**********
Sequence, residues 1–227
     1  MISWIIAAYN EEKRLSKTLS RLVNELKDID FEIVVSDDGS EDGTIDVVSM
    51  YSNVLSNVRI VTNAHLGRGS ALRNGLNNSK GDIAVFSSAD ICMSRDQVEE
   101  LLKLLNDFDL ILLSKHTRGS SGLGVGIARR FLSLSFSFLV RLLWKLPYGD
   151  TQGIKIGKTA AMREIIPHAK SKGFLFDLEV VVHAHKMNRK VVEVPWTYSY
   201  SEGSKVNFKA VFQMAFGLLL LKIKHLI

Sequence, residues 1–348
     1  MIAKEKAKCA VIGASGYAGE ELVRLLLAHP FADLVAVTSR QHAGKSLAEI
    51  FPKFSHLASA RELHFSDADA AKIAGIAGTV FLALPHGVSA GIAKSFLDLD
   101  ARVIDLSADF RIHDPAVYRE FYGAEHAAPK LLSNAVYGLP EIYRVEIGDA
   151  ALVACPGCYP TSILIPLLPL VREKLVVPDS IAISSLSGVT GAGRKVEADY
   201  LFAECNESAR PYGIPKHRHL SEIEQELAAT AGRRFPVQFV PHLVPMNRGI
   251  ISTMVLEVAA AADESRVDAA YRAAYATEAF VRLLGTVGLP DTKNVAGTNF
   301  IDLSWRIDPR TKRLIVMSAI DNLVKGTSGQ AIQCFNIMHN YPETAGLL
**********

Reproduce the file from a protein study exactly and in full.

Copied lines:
Sequence, residues 1–227
     1  MISWIIAAYN EEKRLSKTLS RLVNELKDID FEIVVSDDGS EDGTIDVVSM
    51  YSNVLSNVRI VTNAHLGRGS ALRNGLNNSK GDIAVFSSAD ICMSRDQVEE
   101  LLKLLNDFDL ILLSKHTRGS SGLGVGIARR FLSLSFSFLV RLLWKLPYGD
   151  TQGIKIGKTA AMREIIPHAK SKGFLFDLEV VVHAHKMNRK VVEVPWTYSY
   201  SEGSKVNFKA VFQMAFGLLL LKIKHLI

Sequence, residues 1–348
     1  MIAKEKAKCA VIGASGYAGE ELVRLLLAHP FADLVAVTSR QHAGKSLAEI
    51  FPKFSHLASA RELHFSDADA AKIAGIAGTV FLALPHGVSA GIAKSFLDLD
   101  ARVIDLSADF RIHDPAVYRE FYGAEHAAPK LLSNAVYGLP EIYRVEIGDA
   151  ALVACPGCYP TSILIPLLPL VREKLVVPDS IAISSLSGVT GAGRKVEADY
   201  LFAECNESAR PYGIPKHRHL SEIEQELAAT AGRRFPVQFV PHLVPMNRGI
   251  ISTMVLEVAA AADESRVDAA YRAAYATEAF VRLLGTVGLP DTKNVAGTNF
   301  IDLSWRIDPR TKRLIVMSAI DNLVKGTSGQ AIQCFNIMHN YPETAGLL